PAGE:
The ADF needs to be flexible and adaptable, capable of responding to the wide variety of threats we now confront, writes Associate Professor Adam Kamradt-Scott.
In Gary Johns’s recent opinion piece in The Australian he argues that various medical and humanitarian groups had exaggerated the danger the Ebola crisis in West Africa posed to Australia.
Johns highlighted research that I had undertaken in response to calls to deploy the Australian Defence Force to help fight Ebola. I had argued it would be inappropriate to send the ADF, given the limited numbers of military health personnel and military assets suitable for this type of mission.
My research sought to highlight how we, as a society, have reduced the ADF’s military health capabilities to an all-time low. We have allowed this to occur through so-called government “efficiency savings” and decades of under-investment that have forced our defence community to prioritise war-fighting tasks and high-spec equipment over more commonly needed capabilities such as humanitarian assistance and disaster relief.
We couldn’t afford to send the ADF to help in the Ebola outbreak because its personnel had not been trained for this type of scenario.
A modern military — as the ADF is arguably meant to be, and what most Australians already consider it to be — should be capable of responding to a range of situations, especially when traditional conflicts between nations hardly exist any longer.
Our military needs to be flexible and adaptable, capable of responding to the wide variety of threats (such as those identified in multiple defence white papers) we now confront. In 2014 we couldn’t afford to send the ADF to help in the Ebola outbreak because its personnel had not been trained for this type of scenario. It didn’t have adequate numbers of people and lacked the requisite military hardware.
Given the frequency with which we are witnessing local disease outbreaks transform into global catastrophes, not to mention the ongoing risk from bioterrorism, we urgently need to reconsider our defence force’s capabilities in this space.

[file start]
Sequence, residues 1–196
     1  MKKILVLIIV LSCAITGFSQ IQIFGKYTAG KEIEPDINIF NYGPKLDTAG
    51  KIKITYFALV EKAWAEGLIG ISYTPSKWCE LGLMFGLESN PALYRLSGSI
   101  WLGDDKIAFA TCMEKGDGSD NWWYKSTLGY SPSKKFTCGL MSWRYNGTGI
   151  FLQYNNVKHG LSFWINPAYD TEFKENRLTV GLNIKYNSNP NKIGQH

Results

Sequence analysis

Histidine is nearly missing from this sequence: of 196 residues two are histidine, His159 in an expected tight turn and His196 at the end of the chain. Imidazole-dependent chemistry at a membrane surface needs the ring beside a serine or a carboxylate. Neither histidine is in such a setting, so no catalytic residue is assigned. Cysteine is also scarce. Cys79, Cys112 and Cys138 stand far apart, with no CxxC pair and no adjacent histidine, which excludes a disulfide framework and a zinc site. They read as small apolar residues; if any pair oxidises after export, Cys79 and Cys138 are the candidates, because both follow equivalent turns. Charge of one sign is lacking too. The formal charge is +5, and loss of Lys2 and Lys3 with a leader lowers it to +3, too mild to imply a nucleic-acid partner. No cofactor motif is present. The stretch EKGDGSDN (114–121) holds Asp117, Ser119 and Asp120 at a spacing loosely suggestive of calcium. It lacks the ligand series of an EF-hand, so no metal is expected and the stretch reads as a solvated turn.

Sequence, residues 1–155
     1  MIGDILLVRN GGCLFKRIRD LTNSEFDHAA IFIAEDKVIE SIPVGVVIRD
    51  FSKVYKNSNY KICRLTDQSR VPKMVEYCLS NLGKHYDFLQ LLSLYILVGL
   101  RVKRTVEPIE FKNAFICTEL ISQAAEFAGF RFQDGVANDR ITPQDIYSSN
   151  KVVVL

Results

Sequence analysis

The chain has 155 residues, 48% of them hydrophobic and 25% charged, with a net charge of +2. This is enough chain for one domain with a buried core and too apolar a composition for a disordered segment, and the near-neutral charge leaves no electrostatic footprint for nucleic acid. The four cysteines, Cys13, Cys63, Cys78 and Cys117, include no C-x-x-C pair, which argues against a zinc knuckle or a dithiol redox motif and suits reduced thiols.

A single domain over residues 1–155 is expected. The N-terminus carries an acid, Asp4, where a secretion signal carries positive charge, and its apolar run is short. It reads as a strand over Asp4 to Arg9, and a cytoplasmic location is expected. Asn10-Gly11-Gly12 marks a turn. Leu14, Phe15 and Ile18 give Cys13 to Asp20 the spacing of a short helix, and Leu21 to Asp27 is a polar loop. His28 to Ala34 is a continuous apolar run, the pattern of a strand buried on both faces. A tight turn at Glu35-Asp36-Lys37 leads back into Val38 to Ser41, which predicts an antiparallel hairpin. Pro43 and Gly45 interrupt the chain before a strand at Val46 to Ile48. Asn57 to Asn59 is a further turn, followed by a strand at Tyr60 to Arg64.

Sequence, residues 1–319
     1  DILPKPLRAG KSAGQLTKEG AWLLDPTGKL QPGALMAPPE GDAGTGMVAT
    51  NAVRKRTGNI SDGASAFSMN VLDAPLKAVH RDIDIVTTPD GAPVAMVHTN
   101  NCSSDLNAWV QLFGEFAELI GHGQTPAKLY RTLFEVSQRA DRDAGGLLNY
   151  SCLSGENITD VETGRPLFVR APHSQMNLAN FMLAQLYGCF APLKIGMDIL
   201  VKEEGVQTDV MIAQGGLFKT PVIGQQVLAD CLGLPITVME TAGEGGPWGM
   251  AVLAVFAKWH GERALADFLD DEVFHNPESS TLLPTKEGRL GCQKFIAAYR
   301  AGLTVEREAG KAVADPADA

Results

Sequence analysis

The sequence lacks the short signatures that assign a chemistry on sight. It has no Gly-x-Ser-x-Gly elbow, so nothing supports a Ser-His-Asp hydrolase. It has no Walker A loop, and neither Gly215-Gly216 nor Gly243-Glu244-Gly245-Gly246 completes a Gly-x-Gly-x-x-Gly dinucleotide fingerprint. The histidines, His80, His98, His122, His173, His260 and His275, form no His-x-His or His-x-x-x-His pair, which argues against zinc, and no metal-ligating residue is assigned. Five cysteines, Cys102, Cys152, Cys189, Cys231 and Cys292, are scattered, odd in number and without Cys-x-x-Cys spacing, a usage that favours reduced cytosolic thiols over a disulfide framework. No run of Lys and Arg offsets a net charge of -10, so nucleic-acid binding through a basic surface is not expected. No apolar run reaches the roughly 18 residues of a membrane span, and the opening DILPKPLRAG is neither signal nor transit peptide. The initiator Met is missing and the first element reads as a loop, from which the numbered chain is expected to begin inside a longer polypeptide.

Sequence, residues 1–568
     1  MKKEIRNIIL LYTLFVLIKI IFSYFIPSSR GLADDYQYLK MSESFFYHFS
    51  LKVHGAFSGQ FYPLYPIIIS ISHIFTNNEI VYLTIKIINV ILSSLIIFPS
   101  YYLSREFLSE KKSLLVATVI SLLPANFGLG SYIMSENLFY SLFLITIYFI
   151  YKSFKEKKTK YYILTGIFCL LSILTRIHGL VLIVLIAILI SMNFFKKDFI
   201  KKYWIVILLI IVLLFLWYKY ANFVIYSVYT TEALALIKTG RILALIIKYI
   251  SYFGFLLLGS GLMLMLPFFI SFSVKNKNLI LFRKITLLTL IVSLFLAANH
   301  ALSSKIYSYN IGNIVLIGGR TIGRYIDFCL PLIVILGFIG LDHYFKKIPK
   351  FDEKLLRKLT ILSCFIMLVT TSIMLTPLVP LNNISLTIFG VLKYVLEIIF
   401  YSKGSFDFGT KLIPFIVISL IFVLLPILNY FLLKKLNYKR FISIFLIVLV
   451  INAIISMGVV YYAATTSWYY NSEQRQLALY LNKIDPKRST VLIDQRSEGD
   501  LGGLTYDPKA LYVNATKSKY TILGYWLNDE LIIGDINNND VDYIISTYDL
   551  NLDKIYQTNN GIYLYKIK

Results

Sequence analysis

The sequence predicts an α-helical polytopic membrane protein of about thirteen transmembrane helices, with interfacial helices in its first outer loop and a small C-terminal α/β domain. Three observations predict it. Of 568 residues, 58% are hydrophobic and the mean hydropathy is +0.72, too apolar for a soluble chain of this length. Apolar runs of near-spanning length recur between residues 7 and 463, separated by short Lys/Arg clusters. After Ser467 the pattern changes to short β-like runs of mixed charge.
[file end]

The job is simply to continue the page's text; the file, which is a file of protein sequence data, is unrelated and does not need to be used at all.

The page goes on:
Without new and substantial investment in the ADF, we have no choice but to rely on well-meaning aid workers who are prepared to put their lives on the line to save others and prevent the disease from spreading to our shores.
Fortunately, in 2014, Australian volunteers were able and willing to go help stop the Ebola outbreak.
All they had wanted was some assistance from the Australian government to help them get to West Africa and back again, but the government demurred, kowtowing to fringe elements who believed the best strategy was to try to raise the drawbridge in the vain hope it would prevent Ebola arriving on our shores.
Of course Ebola didn’t reach Australia, but that was due more to blind luck and the economic status of most West Africans rather than any border control measures we instituted.
Moreover, such attitudes run counter to the typically Australian value of getting in there and lending a hand, of doing our part.
Tony Abbott’s approach to the Ebola outbreak was not right, nor was it particularly reflective of Australian values.
Now is the time for us to sit down and ask what we expect of the Australian military in a highly interconnected, globalised world. Once we work that out, we then need to pay for it.
Recent studies show that up to 60 percent of Australian women have consumed alcohol to some degree during pregnancy. Elizabeth Elliott knows only too well the dangers of Fetal Alcohol Spectrum Disorder, and her advice is clear: party over.